Authorities are expecting to learn within hours whether COVID has spread to more crew on a coronavirus-struck bulk carrier anchored off the Western Australian coast.
Nine crew members from the Patricia Oldendorff have already tested positive to the deadly virus.
Two men tested positive on Thursday and were taken to a makeshift hotel quarantine arrangement in Port Hedland, along with 10 other crew members who had not yet been infected.
Seven of the positive cases were left on board as a skeleton crew of nine needed to keep the ship operational.
“Test results for the remaining crew have not yet come in,” WA Health said on Sunday.
The outcome of those tests is expected later on Monday.
Two crew have tested negative for the virus but it is thought they are likely to contract it or have already had it. Tests are also being done to confirm this.
The ship is also being deep cleaned, and a replacement crew flown in.
Some 20 Filipino nationals and the captain were on board when the ship anchored nine nautical miles off Port Hedland on September 16.
A coronavirus outbreak would be devastating to the Pilbara region, but Health Minister Roger Cook is confident the outbreak is under control.
We have the situation under firm management,” Mr Cooke told WA Today.
“All the positive cases are well and truly locked down in that facility.
“No way in the world we would allow the disease to get out.”
A temporary fence has been erected around the hotel and private security is being used in Port Hedland, as well as in Perth.
Mr Cook said the failures of Victoria’s hotel quarantine program were not a concern in Western Australia.
“All our security guards are trained in infection control. Otherwise they cannot be on site,” he said.
Western Australia has had just 676 cases of COVID-19 since the pandemic began, and nine deaths.
The state has 16 active cases.
NZ-Australia travel bubble
Meanwhile, New Zealand Prime Minister Jacinda Ardern renewed optimism on Monday about a potential travel bubble with Australia.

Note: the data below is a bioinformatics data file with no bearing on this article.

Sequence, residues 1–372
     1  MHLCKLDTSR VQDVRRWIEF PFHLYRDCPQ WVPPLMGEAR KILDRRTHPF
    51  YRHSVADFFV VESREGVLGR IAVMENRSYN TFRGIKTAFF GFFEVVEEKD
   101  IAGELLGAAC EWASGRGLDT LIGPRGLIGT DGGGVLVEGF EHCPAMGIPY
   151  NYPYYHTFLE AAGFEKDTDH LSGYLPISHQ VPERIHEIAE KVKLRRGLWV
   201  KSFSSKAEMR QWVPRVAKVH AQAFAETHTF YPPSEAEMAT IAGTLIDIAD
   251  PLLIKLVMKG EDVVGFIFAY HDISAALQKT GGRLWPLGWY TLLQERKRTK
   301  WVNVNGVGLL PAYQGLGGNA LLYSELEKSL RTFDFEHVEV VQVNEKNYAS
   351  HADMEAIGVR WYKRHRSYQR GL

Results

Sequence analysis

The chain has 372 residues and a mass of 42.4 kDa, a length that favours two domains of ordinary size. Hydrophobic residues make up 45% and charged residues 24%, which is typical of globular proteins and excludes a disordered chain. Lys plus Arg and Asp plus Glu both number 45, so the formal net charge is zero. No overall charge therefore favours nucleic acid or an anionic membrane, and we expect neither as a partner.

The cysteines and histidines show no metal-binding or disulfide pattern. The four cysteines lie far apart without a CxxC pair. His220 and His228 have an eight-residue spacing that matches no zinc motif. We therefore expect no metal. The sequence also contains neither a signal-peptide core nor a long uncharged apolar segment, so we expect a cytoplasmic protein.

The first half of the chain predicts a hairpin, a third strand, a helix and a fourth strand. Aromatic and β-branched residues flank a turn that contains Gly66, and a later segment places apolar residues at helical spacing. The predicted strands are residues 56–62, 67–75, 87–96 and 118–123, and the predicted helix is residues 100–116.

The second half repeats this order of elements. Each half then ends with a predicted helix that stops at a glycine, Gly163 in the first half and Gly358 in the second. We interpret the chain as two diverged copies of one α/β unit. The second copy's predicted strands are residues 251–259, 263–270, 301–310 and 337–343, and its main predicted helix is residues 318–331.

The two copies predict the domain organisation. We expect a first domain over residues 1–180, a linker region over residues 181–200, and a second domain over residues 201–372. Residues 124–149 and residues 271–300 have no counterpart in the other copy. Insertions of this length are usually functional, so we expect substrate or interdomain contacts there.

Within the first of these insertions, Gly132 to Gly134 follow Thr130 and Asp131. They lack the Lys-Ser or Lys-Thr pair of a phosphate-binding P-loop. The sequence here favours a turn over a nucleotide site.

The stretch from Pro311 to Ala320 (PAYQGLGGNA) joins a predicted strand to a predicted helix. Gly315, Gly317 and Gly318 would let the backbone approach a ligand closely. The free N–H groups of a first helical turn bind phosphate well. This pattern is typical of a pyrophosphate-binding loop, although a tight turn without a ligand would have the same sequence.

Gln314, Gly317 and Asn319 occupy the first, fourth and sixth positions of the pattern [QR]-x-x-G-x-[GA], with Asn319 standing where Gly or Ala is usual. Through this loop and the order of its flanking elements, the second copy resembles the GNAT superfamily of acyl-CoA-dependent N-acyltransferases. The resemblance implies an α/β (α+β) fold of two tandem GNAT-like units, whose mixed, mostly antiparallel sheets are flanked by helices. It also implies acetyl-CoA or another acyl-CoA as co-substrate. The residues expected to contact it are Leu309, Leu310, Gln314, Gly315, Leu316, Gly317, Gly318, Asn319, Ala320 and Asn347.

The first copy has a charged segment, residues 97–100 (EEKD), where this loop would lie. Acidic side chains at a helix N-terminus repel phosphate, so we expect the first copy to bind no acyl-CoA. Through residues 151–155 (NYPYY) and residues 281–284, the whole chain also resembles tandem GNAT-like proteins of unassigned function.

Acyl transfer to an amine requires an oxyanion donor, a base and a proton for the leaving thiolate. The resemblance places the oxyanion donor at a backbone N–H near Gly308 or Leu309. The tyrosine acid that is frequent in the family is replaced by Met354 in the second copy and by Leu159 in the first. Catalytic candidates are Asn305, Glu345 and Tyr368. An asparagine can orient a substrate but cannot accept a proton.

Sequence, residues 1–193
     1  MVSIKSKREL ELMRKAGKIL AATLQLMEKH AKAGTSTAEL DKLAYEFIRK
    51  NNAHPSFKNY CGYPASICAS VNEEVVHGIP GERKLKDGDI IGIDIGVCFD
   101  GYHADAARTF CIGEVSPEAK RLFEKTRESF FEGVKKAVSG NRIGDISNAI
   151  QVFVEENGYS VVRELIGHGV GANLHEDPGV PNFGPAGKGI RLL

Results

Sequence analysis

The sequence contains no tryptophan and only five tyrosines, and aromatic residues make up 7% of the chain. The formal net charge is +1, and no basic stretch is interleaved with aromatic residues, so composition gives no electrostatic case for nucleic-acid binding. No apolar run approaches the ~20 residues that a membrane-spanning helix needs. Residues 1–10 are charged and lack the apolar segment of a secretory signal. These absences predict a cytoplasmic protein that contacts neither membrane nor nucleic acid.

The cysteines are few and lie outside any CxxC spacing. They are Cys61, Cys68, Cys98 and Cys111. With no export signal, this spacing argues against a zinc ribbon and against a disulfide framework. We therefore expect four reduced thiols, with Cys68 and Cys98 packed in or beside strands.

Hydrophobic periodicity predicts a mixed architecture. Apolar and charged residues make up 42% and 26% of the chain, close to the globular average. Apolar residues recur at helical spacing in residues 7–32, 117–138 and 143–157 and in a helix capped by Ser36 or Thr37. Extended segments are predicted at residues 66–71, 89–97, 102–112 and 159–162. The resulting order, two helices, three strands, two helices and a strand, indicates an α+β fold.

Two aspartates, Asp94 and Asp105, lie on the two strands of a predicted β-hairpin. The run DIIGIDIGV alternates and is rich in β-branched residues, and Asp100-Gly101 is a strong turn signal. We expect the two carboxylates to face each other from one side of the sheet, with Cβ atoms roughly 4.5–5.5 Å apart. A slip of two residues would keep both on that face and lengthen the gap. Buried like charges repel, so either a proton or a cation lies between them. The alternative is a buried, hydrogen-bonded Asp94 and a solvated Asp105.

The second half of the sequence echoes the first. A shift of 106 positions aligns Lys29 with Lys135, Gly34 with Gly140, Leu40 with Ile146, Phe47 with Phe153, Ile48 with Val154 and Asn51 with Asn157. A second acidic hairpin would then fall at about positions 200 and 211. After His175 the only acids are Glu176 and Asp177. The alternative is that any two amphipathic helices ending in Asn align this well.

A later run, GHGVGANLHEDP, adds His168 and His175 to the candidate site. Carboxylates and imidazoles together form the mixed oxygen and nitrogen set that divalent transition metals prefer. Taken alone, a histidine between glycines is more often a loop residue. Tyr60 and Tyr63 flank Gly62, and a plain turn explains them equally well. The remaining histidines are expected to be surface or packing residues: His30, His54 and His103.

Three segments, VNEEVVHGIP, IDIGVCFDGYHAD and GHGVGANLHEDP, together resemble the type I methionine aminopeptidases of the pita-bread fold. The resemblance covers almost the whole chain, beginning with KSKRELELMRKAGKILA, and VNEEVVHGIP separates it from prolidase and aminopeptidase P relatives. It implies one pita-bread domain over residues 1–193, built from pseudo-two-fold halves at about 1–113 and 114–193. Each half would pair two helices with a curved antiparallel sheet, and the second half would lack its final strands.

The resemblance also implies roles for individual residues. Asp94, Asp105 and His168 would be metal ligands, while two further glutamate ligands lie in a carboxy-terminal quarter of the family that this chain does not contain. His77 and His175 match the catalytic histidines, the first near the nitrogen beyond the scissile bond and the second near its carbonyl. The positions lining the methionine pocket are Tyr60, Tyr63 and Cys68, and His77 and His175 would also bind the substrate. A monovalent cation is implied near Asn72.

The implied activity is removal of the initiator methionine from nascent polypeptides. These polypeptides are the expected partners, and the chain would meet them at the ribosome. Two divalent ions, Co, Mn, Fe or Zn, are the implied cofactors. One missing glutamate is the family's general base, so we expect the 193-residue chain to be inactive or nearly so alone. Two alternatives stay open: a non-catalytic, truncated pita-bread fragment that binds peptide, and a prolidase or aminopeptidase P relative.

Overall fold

The idea was floated earlier in the year but the Australian government favoured a nationwide arrangement, which Ms Ardern said would “slow things down”.
Ms Ardern is adamant the trans-Tasman bubble can exist only between areas that have been deemed safe.
“Previously they wanted a whole of Australia approach and we said that would slow things down.” Ms Ardern told TVNZ.
“They’re now moving to a hotspot regime where certain parts [of Australia] won’t be able to be part of free movement between Australia and across the Tasman.
“We’re working through the differences that would make for New Zealand and the arrangements we would need to ensure that if we’re opening up to one state that border is contained to ensure it’s safe for New Zealanders.”
Cases numbers fall in eastern states
Testing numbers have also fallen, prompting authorities to encourage anyone with any symptoms to come forward for a test.
NSW reported no fresh COVID infections in the community or in returned travellers in hotel quarantine on Monday for the second consecutive day.
The result came from 6353 tests in the 24 hours to 8pm Sunday, well down on 12,333 tests in the previous 24 hours.
Queensland also had no new cases on Monday, leaving just eight active infections statewide.
However, testing numbers were low, with Monday’s figures coming from just 1800 tests.
Victoria back in single digits
Victoria recorded just five new cases of coronavirus on Monday – the first time since June 12 it has had fewer than 10 daily infections.
The single-digit tally brought Melbourne’s 14-day rolling average to 20.3, while it remains at 0.6 for the rest of the state.
Testing numbers also dropped in Victoria, with Monday’s tally coming from only 6807 tests.
Premier Daniel Andrews said that was a “robust” number, despite being well short of peaks of about 20,000. Mr Andrews suggested that if not enough people came forward for testing, it could delay Melbourne’s path out of lockdown.
“It is not case numbers that will hold us back from taking safe and steady steps toward the COVID-normal to continue opening up,” he said.
“What could be a challenge for us is if we don’t see people coming forward and getting tested and if we start to have doubts about whether we’ve got the most complete picture.”
Sadly, Victoria’s coronavirus death toll has crept closer to 800, with three more deaths confirmed on Monday. They took the Victorian toll to 787 and the national toll to 875.